In economic news, personal income and spending both rose more than estimated while jobless claims ticked up slightly but remain at low levels. The Fed's favored measure of inflation, PCE Core, rose 0.1% - below the 0.2% reported last month and 0.2% expected this month - so this read on inflation is positive for stocks.  Oil continues to march to its own drummer as the U.S. shale boom increases supply while Russia and OPEC consider production cuts. Crude rallied from below $50 to move above $51 on news of said cuts. For now, equities are not attributing the weakness to a demand problem, so the commodity is not weighing on stocks too much.

Sector Recap

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Brian's Technical Take

Chairman Powell's "dovish" speech spurred a risk-on rally in global assets with the Dow and S&P 500, +2.5% and +2.3%, each having their 2nd best performance in twelve months.  Specifically Powel noted interest rates were just below neutral which indicates the Fed could pause rate hikes sooner than previously expected.  Accordingly the dollar weakened and rates declined.

Animal spirits are taking a breather today ahead of this weekend's G20 meeting.  While a trade agreement is unlikely to be cemented, any improvement from the heightened tensions between the US and China would be welcomed.  After a week of "sideways consolidation" the 10-year treasury yield dipped to 3% this morning, a level it has not seen since September 18th.  This should be a reliable support not only from psychological perspective but also 3% previously acted as resistance back in June and August ("resistance turns support").

More interesting is the technical setup in the shorter 2-year yield which looks ripe for a meaningful move.  Today the short yield is again testing the key 2.79% level which has acted as clearly defined support since mid-September.  The price action over this time has formed a textbook head & shoulders pattern which generally speaking is commonly viewed as bearish, however it can just as likely be a continuation pattern with the neckline holding firm and the prior uptrend resuming.   While the direction of the next move is unclear as it will likely be based on the outcome of the upcoming meeting between Trump and Xi, it could be stronger than what one would normally expect.

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Nasdaq's Market Intelligence Desk (MID) Team includes:

Charles Brown is Associate Vice President on The Market Intelligence Desk with over 20 years of equity capital markets experience. Charlie has extensive knowledge of equity trading on both floor and screen based marketplaces. Charlie assists with the management of The Market Intelligence Desk and works with Nasdaq listed companies providing them with insightful objective trading analysis.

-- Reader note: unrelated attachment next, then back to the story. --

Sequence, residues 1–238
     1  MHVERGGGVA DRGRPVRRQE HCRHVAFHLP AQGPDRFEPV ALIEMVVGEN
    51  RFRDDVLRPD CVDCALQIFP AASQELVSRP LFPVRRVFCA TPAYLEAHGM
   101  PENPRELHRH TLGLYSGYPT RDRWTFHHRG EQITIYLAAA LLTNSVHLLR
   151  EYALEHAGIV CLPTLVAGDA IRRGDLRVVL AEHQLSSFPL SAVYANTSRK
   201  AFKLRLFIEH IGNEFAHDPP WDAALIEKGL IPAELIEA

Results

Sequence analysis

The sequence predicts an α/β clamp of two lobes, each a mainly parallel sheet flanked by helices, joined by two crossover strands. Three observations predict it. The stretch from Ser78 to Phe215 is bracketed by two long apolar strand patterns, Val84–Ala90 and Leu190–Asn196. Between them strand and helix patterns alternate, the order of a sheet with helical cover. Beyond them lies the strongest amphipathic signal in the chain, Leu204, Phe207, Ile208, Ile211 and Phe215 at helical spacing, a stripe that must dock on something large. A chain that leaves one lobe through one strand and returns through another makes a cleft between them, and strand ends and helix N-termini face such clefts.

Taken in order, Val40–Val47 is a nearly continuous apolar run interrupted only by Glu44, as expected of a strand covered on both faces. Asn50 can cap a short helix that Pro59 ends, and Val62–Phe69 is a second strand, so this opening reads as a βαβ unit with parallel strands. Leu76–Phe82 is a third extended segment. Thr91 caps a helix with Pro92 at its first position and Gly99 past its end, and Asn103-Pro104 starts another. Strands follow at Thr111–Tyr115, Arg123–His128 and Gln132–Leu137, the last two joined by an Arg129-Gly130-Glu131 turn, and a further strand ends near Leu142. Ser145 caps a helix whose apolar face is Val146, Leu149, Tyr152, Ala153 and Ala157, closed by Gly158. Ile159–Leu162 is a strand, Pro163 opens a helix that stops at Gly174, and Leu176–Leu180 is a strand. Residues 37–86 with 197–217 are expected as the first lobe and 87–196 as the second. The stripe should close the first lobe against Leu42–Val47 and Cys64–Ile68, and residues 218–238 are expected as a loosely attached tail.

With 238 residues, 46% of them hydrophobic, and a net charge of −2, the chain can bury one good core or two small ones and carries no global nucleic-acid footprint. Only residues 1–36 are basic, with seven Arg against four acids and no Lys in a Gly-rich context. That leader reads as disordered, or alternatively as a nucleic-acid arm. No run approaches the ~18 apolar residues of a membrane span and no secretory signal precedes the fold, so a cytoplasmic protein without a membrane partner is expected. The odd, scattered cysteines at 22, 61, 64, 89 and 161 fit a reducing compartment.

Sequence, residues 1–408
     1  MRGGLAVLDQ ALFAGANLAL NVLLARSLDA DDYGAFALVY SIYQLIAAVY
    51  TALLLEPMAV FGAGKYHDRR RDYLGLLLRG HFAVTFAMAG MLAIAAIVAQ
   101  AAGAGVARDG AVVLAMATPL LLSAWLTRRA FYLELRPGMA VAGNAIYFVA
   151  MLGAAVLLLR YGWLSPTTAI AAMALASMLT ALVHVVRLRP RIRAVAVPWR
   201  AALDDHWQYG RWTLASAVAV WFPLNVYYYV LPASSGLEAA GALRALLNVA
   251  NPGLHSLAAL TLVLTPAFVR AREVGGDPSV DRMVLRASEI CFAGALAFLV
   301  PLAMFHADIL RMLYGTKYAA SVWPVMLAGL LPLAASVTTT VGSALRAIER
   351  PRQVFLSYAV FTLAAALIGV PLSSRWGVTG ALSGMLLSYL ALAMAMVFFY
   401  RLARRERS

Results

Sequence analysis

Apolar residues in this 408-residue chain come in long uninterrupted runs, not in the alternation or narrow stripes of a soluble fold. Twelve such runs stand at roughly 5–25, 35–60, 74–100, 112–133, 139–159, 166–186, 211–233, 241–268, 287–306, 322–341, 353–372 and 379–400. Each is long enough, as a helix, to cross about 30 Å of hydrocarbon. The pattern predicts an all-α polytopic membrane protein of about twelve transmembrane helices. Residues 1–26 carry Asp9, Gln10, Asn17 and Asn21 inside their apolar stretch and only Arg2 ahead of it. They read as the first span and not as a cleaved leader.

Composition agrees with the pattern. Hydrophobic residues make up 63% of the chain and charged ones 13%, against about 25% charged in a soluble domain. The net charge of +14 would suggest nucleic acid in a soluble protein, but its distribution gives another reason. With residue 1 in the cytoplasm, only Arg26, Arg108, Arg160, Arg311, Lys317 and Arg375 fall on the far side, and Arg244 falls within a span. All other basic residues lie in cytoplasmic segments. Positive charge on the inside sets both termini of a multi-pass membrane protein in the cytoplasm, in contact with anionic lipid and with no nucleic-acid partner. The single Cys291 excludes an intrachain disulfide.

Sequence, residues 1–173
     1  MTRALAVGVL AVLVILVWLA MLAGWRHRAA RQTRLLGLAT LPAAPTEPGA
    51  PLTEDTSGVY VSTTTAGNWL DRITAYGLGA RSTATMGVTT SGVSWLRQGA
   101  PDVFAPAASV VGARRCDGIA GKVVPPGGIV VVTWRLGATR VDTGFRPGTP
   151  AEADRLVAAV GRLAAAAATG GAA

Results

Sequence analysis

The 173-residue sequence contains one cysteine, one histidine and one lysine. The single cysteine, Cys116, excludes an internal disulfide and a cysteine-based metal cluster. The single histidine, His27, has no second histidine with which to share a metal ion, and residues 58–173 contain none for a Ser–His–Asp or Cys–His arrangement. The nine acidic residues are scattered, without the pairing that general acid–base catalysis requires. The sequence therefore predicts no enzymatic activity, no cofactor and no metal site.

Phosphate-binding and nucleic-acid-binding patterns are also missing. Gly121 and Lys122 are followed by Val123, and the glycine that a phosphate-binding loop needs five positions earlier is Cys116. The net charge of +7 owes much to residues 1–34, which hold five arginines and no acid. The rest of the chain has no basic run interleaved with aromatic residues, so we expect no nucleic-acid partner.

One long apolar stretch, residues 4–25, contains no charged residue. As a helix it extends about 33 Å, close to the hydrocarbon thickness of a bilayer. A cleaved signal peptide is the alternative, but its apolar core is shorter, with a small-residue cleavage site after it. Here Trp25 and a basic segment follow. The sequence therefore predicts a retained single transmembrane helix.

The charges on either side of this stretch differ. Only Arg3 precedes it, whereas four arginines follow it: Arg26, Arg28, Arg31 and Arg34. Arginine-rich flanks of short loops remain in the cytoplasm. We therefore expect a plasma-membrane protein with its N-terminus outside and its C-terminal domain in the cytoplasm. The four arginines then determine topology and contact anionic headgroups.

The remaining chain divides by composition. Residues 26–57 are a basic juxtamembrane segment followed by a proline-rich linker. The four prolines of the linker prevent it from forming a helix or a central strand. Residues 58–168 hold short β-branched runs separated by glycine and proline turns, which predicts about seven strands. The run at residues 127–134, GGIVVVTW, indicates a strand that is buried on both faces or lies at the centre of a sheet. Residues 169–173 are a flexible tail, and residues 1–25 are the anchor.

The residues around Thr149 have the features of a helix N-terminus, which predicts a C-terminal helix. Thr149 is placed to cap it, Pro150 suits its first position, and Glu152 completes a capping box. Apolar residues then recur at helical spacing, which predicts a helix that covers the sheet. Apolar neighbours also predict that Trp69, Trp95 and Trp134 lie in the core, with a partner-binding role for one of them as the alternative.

Steven Brown is a Managing Director on the Market Intelligence Desk (MID) at Nasdaq with over twenty years of experience in equities. With a focus on client retention he currently covers the Financial, Energy and Media sectors.

Christopher Dearborn is a Managing Director on the Market Intelligence Desk (MID) at Nasdaq. Chris has over two decades of equity market experience including floor and screen based trading, corporate access, IPOs and asset allocation. Chris is responsible for providing timely, accurate and objective market and trading-related information to Nasdaq-listed companies.

Brian Joyce, CMT is a Managing Director on the Market Intelligence Desk (MID) at Nasdaq. Before joining Nasdaq Brian spent 16 years as an institutional trader executing equity and options orders for both the buy side and sell side. He also provided trading ideas and wrote technical analysis commentary for an institutional research offering. Brian focuses on helping Nasdaq's Financial, Healthcare and Transportation companies, among others, understand the trading in their stock. Brian is a Chartered Market Technician (CMT).

Michael Sokoll, CFA is Associate Vice President on the Market Intelligence Desk (MID) at Nasdaq with over 25 years of equity market experience. In this role, he manages a team of professionals responsible for providing NASDAQ-listed companies with real-time trading analysis and objective market information.

The views and opinions expressed herein are the views and opinions of the author and do not necessarily reflect those of Nasdaq, Inc.